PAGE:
Hungary and Israel: Two Nations Joined by the Political Similarities of Their Leaders?
Viktor Orbán and the Hungarian Delegation arrived in Israel yesterday for a two-day meeting. Israeli Prime Minister Benjamin Netanyahu referred to Orbán’s visit as a major step in developing bilateral ties. He also pointed out that Orbán’s attendance represents the Visegrad Group.
The leader of the joint press conference noted that Hungary and Israel share common values and champion similar strategies concerning current world issues–such as standing against modern-day anti-Semitism, protecting severing borders, and fighting terrorism. “We’re living in a time when anti-Semitism is rising in western Europe but is on the decline in central Europe,” Orban said. The prime minister also stated that Hungary has a zero-tolerance policy for anti-Semitism. Netanyahu also noted that because of the Hungarian government’s stance, Hungarian Jews are able to live without fear.
The two countries’ relations have been improving due to Hungary’s position as a major critic of EU migration policies, and its promotion of border fences. Last year, Netanyahu visited Hungary in what was the Israeli PM’s first official meeting since the fall of the Iron Curtain.
A foreign politics expert on Echo Tv suggested that it’s not a jump to consider this meeting a new cornerstone of bilateral relations. László Bernát Veszprémy asserts that the real change has occurred in how the Israeli public regards the CEE region. Previously, the Israeli Public considered the countries in the CEE region to be nationalist, underdeveloped and possibly anti-Semitic–an opinion which has begun to change over the last year according to Veszprémy.
The transformation is truly visible as last year in the CEE- Israel summit, journalists caught Netanyahu imploring central European leaders to campaign for Israel in the EU.
Netanyahu was at a regional summit meeting behind closed doors with representatives of Hungary, the Czech Republic, Poland, and Slovakia when their conversation was transmitted directly to reporters’ headphones. The Israeli PM called the EU crazy for making technology and business agreements with Israel based primarily on political angles. He then begged CEE leaders to aid in lobbying against such tactics.
The state of Hungarian-Israeli relations stands out the most from the region, as it has seen the most significant growth with numerous noteworthy and symbolic events occurring over the last few years. The Executive Rabbi of the EMIH Slomó Köves has referred to a kosher slaughterhouse in Csengele, Hungary as a symbolic expression of the cohabitation of Hungarians and Jewish people. Also, Hungary will host the next Maccabiah Games, often referred to as the “Jewish Olympics”.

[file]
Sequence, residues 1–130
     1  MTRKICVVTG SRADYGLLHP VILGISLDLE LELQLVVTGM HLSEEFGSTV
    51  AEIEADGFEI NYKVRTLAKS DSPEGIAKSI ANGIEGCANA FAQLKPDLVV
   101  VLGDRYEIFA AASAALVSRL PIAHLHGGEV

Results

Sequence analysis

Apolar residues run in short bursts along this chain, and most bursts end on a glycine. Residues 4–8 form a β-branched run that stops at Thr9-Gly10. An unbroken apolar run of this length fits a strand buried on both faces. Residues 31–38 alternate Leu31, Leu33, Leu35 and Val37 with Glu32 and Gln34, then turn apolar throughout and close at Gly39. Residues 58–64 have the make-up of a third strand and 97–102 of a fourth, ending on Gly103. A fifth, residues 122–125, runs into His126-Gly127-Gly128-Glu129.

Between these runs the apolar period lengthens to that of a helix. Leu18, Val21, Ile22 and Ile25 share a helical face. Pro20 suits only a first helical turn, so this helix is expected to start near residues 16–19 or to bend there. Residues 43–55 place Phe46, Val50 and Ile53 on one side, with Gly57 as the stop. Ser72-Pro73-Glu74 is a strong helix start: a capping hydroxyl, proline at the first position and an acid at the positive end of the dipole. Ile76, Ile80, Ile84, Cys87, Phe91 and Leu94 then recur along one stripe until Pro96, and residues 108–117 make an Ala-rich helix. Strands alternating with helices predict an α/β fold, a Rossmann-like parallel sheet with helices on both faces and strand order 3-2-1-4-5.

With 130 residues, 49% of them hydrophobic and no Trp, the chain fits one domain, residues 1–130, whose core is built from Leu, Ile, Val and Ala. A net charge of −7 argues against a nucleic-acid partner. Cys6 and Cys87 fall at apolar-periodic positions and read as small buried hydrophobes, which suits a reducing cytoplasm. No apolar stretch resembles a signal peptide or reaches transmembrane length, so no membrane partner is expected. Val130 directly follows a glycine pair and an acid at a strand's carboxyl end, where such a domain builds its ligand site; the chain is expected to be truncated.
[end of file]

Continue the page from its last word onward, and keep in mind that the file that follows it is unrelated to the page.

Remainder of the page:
Via: MTI Ujvári Sándor
Hungary also finances the renovations of Hungarian-Jewish synagogues and promotes Jewish festivals in its former territories in Vojvodina, Ukraine, and Transylvania. However, according to Die Welt’s analyses, the source of the good relations is not the achievements listed above but is, instead, a result of the two leaders shared political opinions concerning self-defense, national sovereignty, and the faults of the European Union. In addition, Hungary, along with Romania and the Czech Republic, blocked the release of a statement by the European Union which would have condemned US plans to open its embassy in Jerusalem.
The left-wing media in both countries have criticized the strengthening alliance; pundits have accused Orbán of anti-semitism because of comments from a recent speech aimed at Jewish-Hungarian businessman George Soros:
We are fighting an enemy that is different from us. Not open, but hiding; not straightforward but crafty; not honest but base; not national but international; does not believe in working but speculates with money; does not have its own homeland but feels it owns the whole world
However, many experts see these comments as representative of the liberal-conservative conflict rather than anti-Semitic rhetoric.
The meeting was also business-related according to a statement made by Foreign Minister Peter Szijjarto to public media in Jerusalem on Thursday. Szijjarto held talks with the Minister for Regional Cooperation, Tzachi Hanegbi and director-general of the foreign ministry, Yuval Rotem. The minister noted that around 200 Israeli companies operate in Hungary, employing 5,000 people. Hanegbi shared that a 2 million euro joint innovation fund established last year had supported seven Hungarian-Israeli R+D+I projects.
This year the fund could rise to 10 million euros, he added. Szijjarto claimed that deliveries of gas to central Europe from an offshore Israeli field with nearly 800 billion cubic meters of reserves could start as early as 2024 or 2025.